USS Ronald Reagan Departs Japan After Nine Years of Indo-Pacific Deployment

Ronald Reagan aircraft carrier
USS Ronald Regan departing Japan on May 16, 2024 (USN)

Published May 17, 2024 9:46 AM by The Maritime Executive


The U.S.’s only forward deployed nuclear-powered aircraft carrier, USS Ronald Reagan is returning home after nearly a decade of deployments to the Indo-Pacific region. The Nimitz-class aircraft carrier departed Yokosuka, Japan, which has been its homeport for nine years, on May 16 and embarked on a journey to Bremerton, Washington where it is scheduled to undergo repairs and upgrades at Puget Sound Naval Shipyard & Intermediate Maintenance Facility.

Since 2015, the Reagan was deployed in the Indo-Pacific region as part of the Carrier Strike Group (CSG) 5 whose mission was to keep the peace amidst increasing geopolitical tensions characterized by China’s becoming more assertive and North Korea’s continuous threats.

Whereas the other U.S. aircraft carriers are homeported in the U.S. and deploy periodically, Ronald Reagan was permanently forward-deployed to Japan, a strategic decision that was meant to cut an average of 17 days transit time to the region compared to forces based in the continental U.S. When combined with guided-missile destroyers and cruisers, the warship created a carrier strike group of up to 12 ships and 75 aircraft, forces that had a higher operational tempo than other Navy vessels.  

During its time in the region, the aircraft carrier logged more than 400,000 nautical miles, was involved in eight major deployments, and participated in dozens of multinational exercises. This included exercises such as with the Japanese Maritime Forces and tours that took the carrier to regional ports ranging from Hong Kong to Brisbane, Australia.



As the ship pulled away from the pier and made its final transit through Sagami Bay, hundreds of CSG 5 sailors who have been part of a 6,000-member crew over the past nine years were in line to bid farewell to the warship. Departing with the carrier were the Ticonderoga-class guided-missile cruiser USS Robert Smalls and the Arleigh Burke-class guided-missile destroyer USS Howard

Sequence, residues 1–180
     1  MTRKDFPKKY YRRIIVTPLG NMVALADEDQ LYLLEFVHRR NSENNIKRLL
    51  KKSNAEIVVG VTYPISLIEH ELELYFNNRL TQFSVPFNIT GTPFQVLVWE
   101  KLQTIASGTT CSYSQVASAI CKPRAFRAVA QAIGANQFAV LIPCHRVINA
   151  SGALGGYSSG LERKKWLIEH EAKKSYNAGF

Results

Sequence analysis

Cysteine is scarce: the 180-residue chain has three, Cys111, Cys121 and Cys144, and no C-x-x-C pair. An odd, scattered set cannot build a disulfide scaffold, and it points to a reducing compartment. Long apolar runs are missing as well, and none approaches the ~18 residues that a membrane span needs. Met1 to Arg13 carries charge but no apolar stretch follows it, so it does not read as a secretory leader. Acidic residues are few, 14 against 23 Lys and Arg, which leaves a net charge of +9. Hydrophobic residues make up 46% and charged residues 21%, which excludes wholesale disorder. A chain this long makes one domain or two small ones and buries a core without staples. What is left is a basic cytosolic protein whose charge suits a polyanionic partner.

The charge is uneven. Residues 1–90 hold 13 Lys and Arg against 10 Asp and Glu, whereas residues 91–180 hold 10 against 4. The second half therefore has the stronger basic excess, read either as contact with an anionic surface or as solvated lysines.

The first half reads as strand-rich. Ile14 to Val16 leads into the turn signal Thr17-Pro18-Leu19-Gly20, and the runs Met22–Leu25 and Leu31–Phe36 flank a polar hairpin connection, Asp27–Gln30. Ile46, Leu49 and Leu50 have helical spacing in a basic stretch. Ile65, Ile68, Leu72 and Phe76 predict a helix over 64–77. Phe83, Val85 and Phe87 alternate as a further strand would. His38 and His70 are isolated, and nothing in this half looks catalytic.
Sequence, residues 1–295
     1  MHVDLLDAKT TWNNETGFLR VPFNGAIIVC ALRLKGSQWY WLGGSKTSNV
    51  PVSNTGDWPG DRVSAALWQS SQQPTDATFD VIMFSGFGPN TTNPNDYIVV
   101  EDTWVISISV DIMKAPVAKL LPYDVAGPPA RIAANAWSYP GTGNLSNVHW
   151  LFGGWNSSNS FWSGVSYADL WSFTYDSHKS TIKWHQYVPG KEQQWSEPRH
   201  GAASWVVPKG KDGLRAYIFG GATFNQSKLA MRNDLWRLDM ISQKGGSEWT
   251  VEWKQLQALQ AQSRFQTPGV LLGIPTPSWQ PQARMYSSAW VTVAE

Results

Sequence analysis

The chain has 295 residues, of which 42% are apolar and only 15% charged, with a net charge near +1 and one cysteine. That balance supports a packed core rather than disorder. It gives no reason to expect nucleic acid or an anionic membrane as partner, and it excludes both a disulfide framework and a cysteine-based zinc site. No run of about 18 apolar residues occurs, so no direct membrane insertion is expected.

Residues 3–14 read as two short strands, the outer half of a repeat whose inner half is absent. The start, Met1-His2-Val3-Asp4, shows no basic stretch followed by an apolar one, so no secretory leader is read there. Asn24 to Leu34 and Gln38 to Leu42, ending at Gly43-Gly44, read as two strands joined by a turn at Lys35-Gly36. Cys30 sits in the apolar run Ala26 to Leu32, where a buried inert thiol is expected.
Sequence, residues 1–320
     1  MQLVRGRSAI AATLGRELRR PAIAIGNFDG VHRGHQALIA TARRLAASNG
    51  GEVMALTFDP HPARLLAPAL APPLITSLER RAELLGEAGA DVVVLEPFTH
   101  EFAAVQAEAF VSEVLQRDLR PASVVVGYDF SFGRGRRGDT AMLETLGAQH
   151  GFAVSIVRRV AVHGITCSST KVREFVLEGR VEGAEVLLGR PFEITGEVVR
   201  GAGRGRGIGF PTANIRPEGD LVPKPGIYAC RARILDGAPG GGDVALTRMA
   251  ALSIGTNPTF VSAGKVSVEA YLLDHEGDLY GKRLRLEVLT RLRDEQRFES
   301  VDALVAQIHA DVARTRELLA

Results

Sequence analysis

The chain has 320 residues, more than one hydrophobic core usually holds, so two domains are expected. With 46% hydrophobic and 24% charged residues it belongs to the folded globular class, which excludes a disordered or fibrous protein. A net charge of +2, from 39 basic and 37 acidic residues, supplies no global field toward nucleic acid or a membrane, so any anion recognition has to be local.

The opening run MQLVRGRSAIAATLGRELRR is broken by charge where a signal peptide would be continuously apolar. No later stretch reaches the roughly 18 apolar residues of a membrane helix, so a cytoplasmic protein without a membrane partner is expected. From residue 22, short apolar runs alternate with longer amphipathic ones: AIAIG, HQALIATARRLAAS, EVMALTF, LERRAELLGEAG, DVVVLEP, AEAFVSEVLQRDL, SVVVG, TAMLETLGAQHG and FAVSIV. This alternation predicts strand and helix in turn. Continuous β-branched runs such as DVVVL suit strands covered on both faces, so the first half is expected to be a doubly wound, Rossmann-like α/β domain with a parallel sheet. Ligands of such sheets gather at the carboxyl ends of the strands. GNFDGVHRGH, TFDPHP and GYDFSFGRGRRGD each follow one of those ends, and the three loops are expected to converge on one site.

“After nine years of deployment to Japan, the USS Ronald Reagan and her 6,000 crew deserve our heartfelt appreciation for their selflessness, their service, and their sacrifice in keeping the Indo-Pacific safe, secure, and stable,” said Rahm Emanuel, U.S. Ambassador to Japan.

During her tenure in the Indo-Pacific region, the carrier was involved in critical deployments and exercises. Among them was a deployment to the Middle East in 2021 to assist in Operation Allies Refuge, providing safety and security to more than 7,000 U.S. citizens and evacuees in Afghanistan. A year later, it was back to the Korean Peninsula for a missile defense exercise following a decision by North Korea to test-fire a ballistic missile over Japan.

The Reagan also maintained a constant presence in the South China Sea in deployments aimed at ensuring maritime security and freedom of navigation despite China’s growing sovereignty claim over the vast majority of the waters, something that has resulted in numerous altercations with the Philippines. Over the years, the ship made dozens of port visits not only to South Korea and the Philippines but also a historic port call to Da Nang, Vietnam, last year.



“For nearly nine years, thousands of Ronald Reagan sailors have lived and worked here in Yokosuka, and have deployed throughout the region to uphold the international rule of law and maintain a free and open Indo-Pacific along with our allies and partners,” said Capt. Daryle Cardone, Ronald Reagan's commanding officer.

The nuclear-powered USS Ronald Reagan is the ninth member of the class and part of a two-ship subgroup along with USS George H.W. Bush. The Reagan was commissioned in July 2003. She underwent a four-month overhaul at the beginning of 2018. She returned to Yokosuka after sea trials in May 2018 and resumed her tours of the Pacific. 

The Ronald Reagan will be replaced by USS George Washington, another Nimitz-class carrier that last year completed an extended six-year overhaul and is currently assigned in South America.